Credit: Original article can be found here
With more countries considering joining the Comprehensive
and Progressive Agreement for Trans-Pacific Partnership (CPTPP),
New Zealand urgently needs a real public debate on the
future of such trade and investment agreements.
February this year the UK formally
applied to join as part of its quest for post-Brexit
free trade agreements. Reportedly, Thailand,
Korea, the Philippines,
and even China
are to varying degrees considering
Coverage of these developments is often
overly simplistic, treating expansion as a notch in the belt
for those who see the CPTPP as shaping the 21st century’s
global trade rules.
Behind the headlines, the reality
is more complex. Given the CPTPP restricts governments’
ability to regulate their own economies in return for
notional benefits, it warrants closer scrutiny from all
But the secrecy surrounding possible new
memberships makes scrutiny difficult, just as it earlier
hindered independent assessments of the Trans-Pacific
Partnership Agreement (TPPA)
and subsequent CPTPP negotiations.
Blueprint for a
neoliberal trade agenda
The original TPPA was always
intended as a blueprint for future trade relations across
the Asia-Pacific region (with the now-abandoned
Transatlantic Trade and Investment Partnership proposing
similar rules for US-EU trade).
New Zealand was
primarily committed to the TPPA as an opportunity to secure
a free trade agreement (FTA) with the United States,
regardless of the costs.
protest against its potential to erode national
sovereignty, which forced discussion out of the shadows, the
National government signed the TPPA anyway.
Labour, New Zealand First and Green parties all opposed its
ratification in the select committee, as did Māori in the
Waitangi Tribunal. National ignored them again, ratifying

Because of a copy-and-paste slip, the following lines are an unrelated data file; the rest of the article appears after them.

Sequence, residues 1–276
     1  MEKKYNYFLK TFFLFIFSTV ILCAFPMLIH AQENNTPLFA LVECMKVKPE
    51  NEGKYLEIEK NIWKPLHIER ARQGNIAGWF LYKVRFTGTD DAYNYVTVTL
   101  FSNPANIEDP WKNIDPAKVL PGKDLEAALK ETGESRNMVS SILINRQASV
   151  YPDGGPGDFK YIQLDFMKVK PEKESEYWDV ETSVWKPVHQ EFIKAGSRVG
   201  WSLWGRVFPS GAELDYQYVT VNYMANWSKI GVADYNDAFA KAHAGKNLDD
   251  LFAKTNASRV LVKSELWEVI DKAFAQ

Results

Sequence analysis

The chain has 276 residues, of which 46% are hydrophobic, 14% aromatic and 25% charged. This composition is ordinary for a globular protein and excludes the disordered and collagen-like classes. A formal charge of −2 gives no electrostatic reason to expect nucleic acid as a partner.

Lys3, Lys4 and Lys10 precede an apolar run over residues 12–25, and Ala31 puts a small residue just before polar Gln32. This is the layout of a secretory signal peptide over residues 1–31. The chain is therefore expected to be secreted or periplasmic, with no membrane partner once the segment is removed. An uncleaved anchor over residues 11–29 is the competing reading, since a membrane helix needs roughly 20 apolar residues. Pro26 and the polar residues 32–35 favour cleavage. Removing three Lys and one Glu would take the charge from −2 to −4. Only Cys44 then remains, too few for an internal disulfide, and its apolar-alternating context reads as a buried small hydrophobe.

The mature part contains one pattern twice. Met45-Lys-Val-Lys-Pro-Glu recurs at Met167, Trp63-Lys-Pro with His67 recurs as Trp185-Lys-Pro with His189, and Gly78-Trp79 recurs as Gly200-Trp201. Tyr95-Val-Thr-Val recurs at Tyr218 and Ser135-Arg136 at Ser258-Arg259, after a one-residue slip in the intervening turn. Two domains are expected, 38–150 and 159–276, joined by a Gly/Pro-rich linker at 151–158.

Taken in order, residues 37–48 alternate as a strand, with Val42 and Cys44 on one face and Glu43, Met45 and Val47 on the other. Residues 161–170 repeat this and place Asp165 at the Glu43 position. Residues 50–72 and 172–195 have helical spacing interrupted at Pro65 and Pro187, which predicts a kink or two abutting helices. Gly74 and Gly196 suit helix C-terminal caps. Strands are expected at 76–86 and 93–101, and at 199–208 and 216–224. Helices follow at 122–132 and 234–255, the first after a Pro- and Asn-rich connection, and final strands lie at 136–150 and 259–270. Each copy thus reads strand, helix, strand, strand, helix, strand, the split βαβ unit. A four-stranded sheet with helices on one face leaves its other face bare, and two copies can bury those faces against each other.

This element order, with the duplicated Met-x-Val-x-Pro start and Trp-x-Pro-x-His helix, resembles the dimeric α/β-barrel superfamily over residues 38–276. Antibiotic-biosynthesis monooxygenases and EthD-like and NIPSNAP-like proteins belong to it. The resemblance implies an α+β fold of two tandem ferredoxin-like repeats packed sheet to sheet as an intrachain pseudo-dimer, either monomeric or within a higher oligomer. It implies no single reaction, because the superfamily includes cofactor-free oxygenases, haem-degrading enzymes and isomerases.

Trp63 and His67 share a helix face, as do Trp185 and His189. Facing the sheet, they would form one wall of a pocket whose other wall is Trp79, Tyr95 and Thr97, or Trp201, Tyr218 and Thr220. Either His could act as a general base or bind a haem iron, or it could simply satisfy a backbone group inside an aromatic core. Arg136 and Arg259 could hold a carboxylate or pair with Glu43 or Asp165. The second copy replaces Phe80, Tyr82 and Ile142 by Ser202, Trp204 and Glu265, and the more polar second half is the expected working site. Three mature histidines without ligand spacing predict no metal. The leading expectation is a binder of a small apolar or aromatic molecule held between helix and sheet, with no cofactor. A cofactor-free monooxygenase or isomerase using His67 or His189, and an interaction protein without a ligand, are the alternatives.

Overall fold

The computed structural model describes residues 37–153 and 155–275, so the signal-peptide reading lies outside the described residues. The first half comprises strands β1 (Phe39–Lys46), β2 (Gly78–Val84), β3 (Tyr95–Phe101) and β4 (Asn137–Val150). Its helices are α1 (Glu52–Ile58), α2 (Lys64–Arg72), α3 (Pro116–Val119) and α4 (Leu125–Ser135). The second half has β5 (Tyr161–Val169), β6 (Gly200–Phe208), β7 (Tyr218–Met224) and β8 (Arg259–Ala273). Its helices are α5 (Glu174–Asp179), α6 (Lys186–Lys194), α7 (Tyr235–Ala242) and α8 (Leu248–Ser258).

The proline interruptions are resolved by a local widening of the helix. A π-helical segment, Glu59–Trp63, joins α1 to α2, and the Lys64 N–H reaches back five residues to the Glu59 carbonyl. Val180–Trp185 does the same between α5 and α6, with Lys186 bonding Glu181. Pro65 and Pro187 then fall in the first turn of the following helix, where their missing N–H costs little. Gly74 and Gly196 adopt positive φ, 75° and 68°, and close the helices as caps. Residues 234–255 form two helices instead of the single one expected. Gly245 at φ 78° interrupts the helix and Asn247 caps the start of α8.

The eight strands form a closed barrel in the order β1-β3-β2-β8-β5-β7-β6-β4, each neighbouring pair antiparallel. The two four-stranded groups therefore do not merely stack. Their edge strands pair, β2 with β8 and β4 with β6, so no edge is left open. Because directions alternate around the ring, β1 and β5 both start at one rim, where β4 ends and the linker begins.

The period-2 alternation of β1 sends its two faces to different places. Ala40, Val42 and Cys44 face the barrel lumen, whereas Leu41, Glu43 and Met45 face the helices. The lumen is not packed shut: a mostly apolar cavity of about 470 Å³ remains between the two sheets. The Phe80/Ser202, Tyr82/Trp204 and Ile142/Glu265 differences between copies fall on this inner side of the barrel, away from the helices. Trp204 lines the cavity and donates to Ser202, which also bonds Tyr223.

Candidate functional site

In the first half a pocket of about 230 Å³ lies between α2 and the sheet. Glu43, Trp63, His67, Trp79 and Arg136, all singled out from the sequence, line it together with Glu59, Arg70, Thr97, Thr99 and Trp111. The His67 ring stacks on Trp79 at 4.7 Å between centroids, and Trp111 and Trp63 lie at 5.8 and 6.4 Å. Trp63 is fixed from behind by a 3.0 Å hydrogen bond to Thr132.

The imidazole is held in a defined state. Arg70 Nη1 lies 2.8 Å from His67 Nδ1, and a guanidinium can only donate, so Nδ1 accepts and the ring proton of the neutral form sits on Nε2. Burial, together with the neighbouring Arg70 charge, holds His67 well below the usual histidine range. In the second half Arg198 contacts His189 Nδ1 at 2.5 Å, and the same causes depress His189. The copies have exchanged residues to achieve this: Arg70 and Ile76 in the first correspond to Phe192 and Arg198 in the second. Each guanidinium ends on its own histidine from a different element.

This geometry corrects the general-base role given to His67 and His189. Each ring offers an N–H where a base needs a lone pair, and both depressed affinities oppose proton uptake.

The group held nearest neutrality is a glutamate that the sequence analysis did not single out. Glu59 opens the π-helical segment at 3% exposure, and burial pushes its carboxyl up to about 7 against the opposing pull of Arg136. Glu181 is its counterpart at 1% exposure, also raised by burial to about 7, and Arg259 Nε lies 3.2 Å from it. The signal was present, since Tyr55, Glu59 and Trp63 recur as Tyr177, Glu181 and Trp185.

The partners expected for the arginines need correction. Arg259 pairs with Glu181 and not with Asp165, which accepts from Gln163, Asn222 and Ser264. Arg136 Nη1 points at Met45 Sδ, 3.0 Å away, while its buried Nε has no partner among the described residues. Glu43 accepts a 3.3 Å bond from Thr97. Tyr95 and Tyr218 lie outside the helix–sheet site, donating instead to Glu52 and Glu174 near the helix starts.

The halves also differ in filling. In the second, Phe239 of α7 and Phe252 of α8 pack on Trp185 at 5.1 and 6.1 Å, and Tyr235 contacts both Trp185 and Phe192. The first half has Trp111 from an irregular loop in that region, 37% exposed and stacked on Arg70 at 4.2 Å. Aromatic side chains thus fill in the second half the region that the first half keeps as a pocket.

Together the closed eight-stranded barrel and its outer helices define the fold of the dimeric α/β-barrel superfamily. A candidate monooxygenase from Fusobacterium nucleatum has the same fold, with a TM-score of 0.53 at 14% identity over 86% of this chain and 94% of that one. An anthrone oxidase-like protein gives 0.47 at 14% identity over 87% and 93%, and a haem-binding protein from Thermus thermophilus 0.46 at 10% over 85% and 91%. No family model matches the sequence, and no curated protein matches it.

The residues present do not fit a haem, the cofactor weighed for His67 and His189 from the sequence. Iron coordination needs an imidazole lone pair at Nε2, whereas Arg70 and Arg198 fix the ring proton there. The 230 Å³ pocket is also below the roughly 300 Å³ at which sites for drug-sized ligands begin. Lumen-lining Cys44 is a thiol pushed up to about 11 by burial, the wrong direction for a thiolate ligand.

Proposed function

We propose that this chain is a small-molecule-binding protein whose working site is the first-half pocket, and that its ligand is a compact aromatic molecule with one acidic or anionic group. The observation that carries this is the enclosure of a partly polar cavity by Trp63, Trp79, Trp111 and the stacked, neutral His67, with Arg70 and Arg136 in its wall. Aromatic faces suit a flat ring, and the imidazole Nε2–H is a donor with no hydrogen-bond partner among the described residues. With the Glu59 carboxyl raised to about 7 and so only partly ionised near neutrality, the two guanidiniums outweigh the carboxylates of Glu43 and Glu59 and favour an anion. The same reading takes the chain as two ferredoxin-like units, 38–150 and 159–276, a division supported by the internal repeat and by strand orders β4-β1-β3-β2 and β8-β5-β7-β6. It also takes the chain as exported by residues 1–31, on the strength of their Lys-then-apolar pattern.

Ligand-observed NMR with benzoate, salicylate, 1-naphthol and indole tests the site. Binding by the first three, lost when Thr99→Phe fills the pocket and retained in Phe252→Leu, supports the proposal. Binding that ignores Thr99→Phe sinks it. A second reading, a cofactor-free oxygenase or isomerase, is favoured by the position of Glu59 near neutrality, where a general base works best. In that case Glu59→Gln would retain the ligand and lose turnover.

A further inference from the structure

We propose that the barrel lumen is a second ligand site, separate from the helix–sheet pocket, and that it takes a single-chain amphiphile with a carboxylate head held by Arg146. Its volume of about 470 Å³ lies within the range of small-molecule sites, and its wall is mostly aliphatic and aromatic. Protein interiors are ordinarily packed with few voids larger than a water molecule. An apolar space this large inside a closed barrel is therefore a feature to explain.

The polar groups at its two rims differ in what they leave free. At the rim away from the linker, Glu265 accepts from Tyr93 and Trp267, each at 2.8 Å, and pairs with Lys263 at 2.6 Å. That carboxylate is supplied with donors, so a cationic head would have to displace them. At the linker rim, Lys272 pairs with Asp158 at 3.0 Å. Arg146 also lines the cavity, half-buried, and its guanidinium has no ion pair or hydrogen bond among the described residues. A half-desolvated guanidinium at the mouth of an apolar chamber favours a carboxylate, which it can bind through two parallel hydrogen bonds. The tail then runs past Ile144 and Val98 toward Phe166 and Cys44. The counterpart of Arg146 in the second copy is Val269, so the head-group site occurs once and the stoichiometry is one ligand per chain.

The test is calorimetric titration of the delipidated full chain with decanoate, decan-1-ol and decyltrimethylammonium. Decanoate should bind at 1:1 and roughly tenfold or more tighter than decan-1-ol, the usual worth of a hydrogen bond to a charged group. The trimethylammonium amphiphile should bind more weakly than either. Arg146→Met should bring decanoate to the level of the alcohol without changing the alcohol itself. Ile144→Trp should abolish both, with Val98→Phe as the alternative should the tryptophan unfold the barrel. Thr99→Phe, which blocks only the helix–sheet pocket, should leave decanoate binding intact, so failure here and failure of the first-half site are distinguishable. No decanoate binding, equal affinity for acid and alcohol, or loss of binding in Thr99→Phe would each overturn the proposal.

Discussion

the text in May 2017.
Singapore’s Minister for
Trade and Industry Lim Hng Kiang with New Zealand Prime
Minister John Key after signing the Trans Pacific
Partnership in Auckland in 2016. GettyImages
does a U-turn
Before the 2017 election, with the
TPPA’s public support in tatters, the Labour Party was
keen to paint itself as part of the increasingly popular
movement against corporate-led globalisation.
minority report to the select
The Labour Party
wishes to protest in the strongest terms at the
government’s failure to effectively represent the
long-term interests of New Zealand in the Trans-Pacific
And yet when
the incoming Trump Administration stepped
back from the TPPA in early 2017, Labour turned
cheerleader for a slightly modified CPTPP
In government Labour argued the necessary
changes had been made to make the agreement acceptable, but
in reality hardly anything had
few provisions, mainly on intellectual property rights, were
but not withdrawn, while a series of side letters of questionable
legal value meant investors from Australia and Peru
could not challenge New Zealand laws or decisions directly
in dubious offshore tribunals.
But investors from
other parties to the CPTPP – Japan, Singapore, Brunei,
Malaysia, Chile, Canada and Vietnam – could still bring